The TIA, newly re-named as the Communications and Information Technology Association, had its bi-monthly Convergence Forum meeting at Alcatel’s Maidenhead headquarters at the end of last month and SIP was right at the top of the agenda.
Comms Business was on hand to hear the presentations and the discussions about the planned SIP interoperability testing.
Nigel Jones of Alcatel, the host for the day, made a very interesting presentation on SIP in the enterprise. He explained that SIP, the means by which any compliant device or application can set up any sort of call to one or more SIP endpoint. “It’s an ‘any time, any place anywhere’ sort of protocol”, he said.
Bob Baddeley, Corporate Telecommunications Manager at the Atomic Weapons Establishment, Aldermaston, gave a users point of view in his presentation. “Users want SIP” he said, “but they will want to know that the SIP phone they buy from vendor A will work with the SIP call controller they have bought from vendor B”.
And therein lays the problem. SIP, like all standards, is only the starting point for most vendors, be they software or hardware companies or both. They will take the SIP standard with its various Requests For Comment, or RFC’s as they are known to the Internet Engineering Task Force (aka the IETF – anyone for alphabet soup?) which developed SIP, and add various features to it to come up with their own special blend.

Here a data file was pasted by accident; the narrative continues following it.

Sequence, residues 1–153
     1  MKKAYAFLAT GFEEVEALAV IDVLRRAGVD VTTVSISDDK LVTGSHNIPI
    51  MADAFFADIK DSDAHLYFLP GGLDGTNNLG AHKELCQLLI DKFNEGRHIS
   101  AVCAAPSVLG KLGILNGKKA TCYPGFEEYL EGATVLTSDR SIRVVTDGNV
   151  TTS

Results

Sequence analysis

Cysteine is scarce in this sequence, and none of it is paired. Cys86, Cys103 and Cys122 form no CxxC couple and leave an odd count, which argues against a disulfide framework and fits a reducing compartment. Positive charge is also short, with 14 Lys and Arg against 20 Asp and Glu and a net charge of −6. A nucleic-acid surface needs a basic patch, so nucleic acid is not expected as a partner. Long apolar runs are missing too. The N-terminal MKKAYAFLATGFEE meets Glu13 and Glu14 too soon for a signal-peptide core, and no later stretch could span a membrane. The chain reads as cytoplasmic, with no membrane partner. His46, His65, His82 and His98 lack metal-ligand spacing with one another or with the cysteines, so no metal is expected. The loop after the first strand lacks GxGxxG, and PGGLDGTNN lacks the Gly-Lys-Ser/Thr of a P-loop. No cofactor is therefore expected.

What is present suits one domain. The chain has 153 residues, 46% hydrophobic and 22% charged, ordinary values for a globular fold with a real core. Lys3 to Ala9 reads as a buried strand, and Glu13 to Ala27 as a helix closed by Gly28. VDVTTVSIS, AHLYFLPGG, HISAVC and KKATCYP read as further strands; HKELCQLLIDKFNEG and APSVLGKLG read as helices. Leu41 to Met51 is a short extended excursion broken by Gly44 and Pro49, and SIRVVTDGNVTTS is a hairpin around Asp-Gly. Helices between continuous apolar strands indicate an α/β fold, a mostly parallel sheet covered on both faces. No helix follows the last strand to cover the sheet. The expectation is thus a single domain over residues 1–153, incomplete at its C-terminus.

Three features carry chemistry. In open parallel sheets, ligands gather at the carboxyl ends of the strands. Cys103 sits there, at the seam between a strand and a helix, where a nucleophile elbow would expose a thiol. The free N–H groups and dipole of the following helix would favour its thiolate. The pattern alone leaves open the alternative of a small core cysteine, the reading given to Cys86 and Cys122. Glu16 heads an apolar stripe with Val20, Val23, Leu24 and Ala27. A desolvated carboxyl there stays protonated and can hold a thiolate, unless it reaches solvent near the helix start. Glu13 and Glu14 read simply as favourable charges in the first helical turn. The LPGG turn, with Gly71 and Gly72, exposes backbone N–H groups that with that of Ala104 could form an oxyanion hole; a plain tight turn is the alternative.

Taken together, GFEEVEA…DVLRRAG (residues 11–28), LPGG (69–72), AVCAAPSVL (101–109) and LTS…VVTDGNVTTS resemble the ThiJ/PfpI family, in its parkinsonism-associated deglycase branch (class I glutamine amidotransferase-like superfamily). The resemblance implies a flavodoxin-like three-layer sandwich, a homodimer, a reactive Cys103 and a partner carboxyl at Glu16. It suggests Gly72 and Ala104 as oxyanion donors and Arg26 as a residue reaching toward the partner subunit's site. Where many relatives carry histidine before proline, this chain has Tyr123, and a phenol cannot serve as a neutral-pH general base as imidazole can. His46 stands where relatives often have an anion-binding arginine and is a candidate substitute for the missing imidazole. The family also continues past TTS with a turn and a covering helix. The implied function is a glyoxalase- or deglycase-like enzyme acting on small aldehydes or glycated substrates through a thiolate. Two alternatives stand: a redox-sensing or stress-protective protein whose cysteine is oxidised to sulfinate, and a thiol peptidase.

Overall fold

This is where the CITA Convergence Forum, members of which include most of the major IP communications vendors, comes in. Following CITA’s earlier IP telephony interoperability testing programme run by BT Exact, the Forum’s members agreed to proceed with SIP interoperability testing. So far so good, we say. But agreeing to do it and actually doing it are two different things. Not all of CITA’s vendor members have made a public commitment to go through with the testing, which costs not a small amount of money. Alcatel is the only vendor which has, and thus should be applauded.
Comms Business is of the opinion that SIP interoperability testing is of vital importance to the convergence industry, as it is the only way the end users will know that one of their major concerns about IP communications has been answered. If you or your company is in a position to influence the vendors, please take the time to speak with those who make the decisions on this sort of thing, and urge them to put their money where their mouth is and sign up for the testing.